Cape Town's The Melting Pot is where world’s street foods meet
Come for the dhal, go back for the fried chicken. This new pop-up should be the next eatery on your list - if you’re lucky enough to nab a spot, writes Alix-Rose Cowie
Chefs John van Zyl and Sage Fell spent a month travelling Sri Lanka last year and ate dhal every single day. What they’ve eaten on their many travels has provided the inspiration for the menu at The Melting Pot, a pop-up restaurant they’ve started with chef Stefan Roos. It is taking over the space of Marrow, the broth bar at 83 Loop Street in Cape Town, until winter.
The trio has taken over the Marrow Instagram account too — which is where I found out about them. Their bio promises global street food. Think a Peruvian pork bun, a riff on Van Zyl’s favourite meal in Peru, fried chicken with Asian flair and that Sri Lankan dhal.
After a failed attempt at securing a seat for lunch on a Wednesday — it’s small, it’s popular and they don’t take reservations — I go earlier this time, three minutes before they open at noon on a Friday.
Before I meet my lunch date, she confesses over WhatsApp she ate at Melting Pot the previous night but she can’t wait to do it again. She’s back for the sashimi line fish — and I’ll go back for the fried chicken.
The cosy 12-seater is unpretentious. Delicious smells come from the tiny open kitchen and Anderson Paak streams from the speakers. Continuing the down-to-earth feel, you grab a printed menu and order with Fell at the counter.
The food arrives quickly, on eco plates and wooden trays, with the option of chopsticks or wooden cutlery — or your hands when it comes to the fish taco. The menu is small but packed with flavours. “It’s all our favourite food,” Fell says.
We have the sashimi line fish first, a refreshing starter of kabeljou in coconut cream, topped with chilli oil, toasted coconut, mint and welcome pops of spicy fermented black bean.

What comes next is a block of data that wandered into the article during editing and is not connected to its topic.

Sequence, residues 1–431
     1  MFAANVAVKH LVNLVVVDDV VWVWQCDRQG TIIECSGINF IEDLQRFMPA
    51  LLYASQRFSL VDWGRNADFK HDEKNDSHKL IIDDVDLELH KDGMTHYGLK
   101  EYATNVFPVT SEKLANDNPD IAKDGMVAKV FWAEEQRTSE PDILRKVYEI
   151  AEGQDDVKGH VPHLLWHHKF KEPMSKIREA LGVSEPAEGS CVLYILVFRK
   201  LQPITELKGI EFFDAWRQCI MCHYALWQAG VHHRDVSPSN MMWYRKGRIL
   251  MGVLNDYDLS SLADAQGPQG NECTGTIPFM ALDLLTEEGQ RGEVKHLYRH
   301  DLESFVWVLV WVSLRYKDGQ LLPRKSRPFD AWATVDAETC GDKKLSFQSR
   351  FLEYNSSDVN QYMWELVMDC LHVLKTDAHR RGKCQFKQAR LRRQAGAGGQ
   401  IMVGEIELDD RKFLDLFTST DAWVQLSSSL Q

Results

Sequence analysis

The fried chicken is tender, deboned thigh in a crisp coating. They keep it light by dusting it in flour, rather than dipping it into a heavy batter. It’s rolled in a ginger and chilli glaze and served with miso and sesame mayo. The bright orange chilli oil and acid green herb oil pop off the plate. The herb oil is a clever way to use the leftover herbs from making other dishes: mint, coriander, parsley.
The fish taco comes in a poppadom shell. The curry mayo, tangy tamarind dressing, the pickled red onion and deep-fried curry leaves are a nod to Van Zyl and Roos’s time in the kitchen at Thali, in Gardens.
The bone broth is an homage to the space they’re in. Pull-apart beef brisket and noodles steep in a flavourful broth which has extracted its goodness from pork and beef bones and chickens’ feet. The highlight of this bowl is the shiitake mushrooms rehydrated in the broth and then pickled for extra zing.
Before we leave this flavor haven and head back into Loop Street, we inhale an affogato for dessert.
The portions are perfect for a lunch bite; order everything and share it for dinner. Order the extra olives and get a complimentary beer or glass of wine.
What we ate is just a teaser for the kind of thing you can expect at The Melting Pot, as the menu will be changing every two weeks.
• The Melting Pot is open from Monday to Saturday for lunch from noon to 3pm and for dinner from 6pm to 9pm. No reservations.